Democratic challenger Brad Schneider claimed victory tonight over freshman Republican Rep. Robert Dold in a North Shore congressional race tonight.
Schneider leads by about 1,500 out of more than 252,000 cast with nearly 97 percent of precincts counted. Schneider had a late surge in Lake County after leading in Cook County most of the evening.Dold's supporters and staff gathered in the concert hall at Viper Alley, a music venue in Lincolnshire, as oldies and light rock blared over the sound system. Partygoers ate pizza and sipped beer as they tensely watched muted big screen TVs that flashed presidential vote results from various cable news channels.
Voters got their chance to weigh in after months of a contentious campaign that featured millions of dollars spent on attack ads.
Dold vastly out raised Schneider, taking in $4.2 million to his challenger’s $2.5 million. As of Oct. 17, Dold had $1.5 million for the sprint to election day while Schneider had $94,000.
Outside groups also went heavily in Dold's favor, financing a barrage of ads supporting the incumbent or attacking Schneider in the last weeks of the campaign. Heavyweights in Dold's corner included the National Republican Congressional Committee, the U.S. Chamber of Commerce, the Congressional Leadership Fund and an organization set up by New York Mayor Michael Bloomberg, whose group funneled money to politicians he considers moderate.
Outside groups spent an estimated $4.7 million on Dold compared to $1.7 million on Schneider's behalf.
Schneider, a wealthy Deerfield management consultant, had to spend to win a four-way March primary.
The fall contest drew particular interest because the 10th District, where voters have had a reputation for moderate views and ticket splitting tickets, was redrawn to boost Democratic chances following Dold’s 51 percent to 49 percent win over Dan Seals in 2010.
The territory, which ropes in affluent North Shore neighborhoods along with working-class areas of North Lake County, has been one of the most Democratic districts represented by a Republican.
Democrats were buoyed by the fact that 63 percent of voters in the redrawn 10th voted for Obama in 2008. While acknowledging the remap presented challenges, Dold aides noted that Republican Sen. Mark Kirk, who represented the district for a decade before running for the Senate seat, beat Democrat Alexi Giannoulias 54 percent to 42 percent in 2010.
Seeking to win a district that hasn’t reliably backed one party or the other, both candidates cast themselves as small businessmen willing to compromise on policy. Each candidate tried to convince voters the other was a ideologue unwilling to buck his party.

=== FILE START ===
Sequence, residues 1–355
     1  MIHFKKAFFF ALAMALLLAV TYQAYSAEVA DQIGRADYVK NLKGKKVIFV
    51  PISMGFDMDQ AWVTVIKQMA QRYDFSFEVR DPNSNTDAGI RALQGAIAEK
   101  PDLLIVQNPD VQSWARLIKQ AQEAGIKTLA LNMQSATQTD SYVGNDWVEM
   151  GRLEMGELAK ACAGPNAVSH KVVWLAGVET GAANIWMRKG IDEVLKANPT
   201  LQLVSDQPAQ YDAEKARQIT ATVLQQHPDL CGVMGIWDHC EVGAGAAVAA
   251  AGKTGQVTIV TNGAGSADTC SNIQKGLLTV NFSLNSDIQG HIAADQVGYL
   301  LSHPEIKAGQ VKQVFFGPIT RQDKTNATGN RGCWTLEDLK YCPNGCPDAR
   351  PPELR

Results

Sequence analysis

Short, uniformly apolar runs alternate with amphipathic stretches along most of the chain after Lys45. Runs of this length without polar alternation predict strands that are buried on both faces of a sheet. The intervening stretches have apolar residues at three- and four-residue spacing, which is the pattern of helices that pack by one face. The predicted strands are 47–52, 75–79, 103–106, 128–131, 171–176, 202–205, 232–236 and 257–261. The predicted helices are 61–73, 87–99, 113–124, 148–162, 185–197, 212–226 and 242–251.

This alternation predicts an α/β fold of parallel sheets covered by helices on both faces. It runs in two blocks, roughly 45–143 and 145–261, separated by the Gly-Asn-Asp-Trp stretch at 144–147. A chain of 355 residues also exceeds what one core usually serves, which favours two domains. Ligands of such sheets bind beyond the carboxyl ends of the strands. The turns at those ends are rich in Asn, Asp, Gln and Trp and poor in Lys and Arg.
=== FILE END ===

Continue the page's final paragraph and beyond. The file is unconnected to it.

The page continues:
Schneider’s staffers felt a large district-wide turnout, stoked by a presidential race on the ticket, would work in their candidate’s favor, campaign manager Reed Adamson said.
Dold spokesman John McGovern said the campaign identified pockets of support and worked to ensure huge turnout there while trying to generate modest support in swaths of the district likely to go to Schneider.
While the candidates sometimes cultivated similar images, the differences between their campaign strategies were stark.
In the race’s final days, Dold cruised the district in a red, white and blue bus emblazoned with his name, blasting cheerful music. He kept a hectic public schedule, stopping to shake hands and pose for pictures at restaurants and factories, adopting a looser persona than the buttoned-up businessman of his previous campaign.
The bus tour replicated a tactic from Dold’s successful 2010 campaign.
“I think in the closing days of a campaign, it creates excitement, enthusiasm, energy,” McGovern said.
The week before the election, Dold publicized a video-recorded meeting with Kirk, who, like the candidate, has described himself as socially moderate and fiscally conservative. Dold has invoked Kirk’s name routinely, hoping to solidify his link to a man who carried the district five times.
Schneider was less visible, holding few events announced ahead of time until the weekend before the election.
Instead, Schneider’s campaign held house parties designed to sell individual voters on the candidate, Adamson said. The campaign would seek out a supporter to host and then ask that person to invite neighbors, sometimes including specific voters the campaign believed — from research by phone or in-person — to be undecided, Adamson said.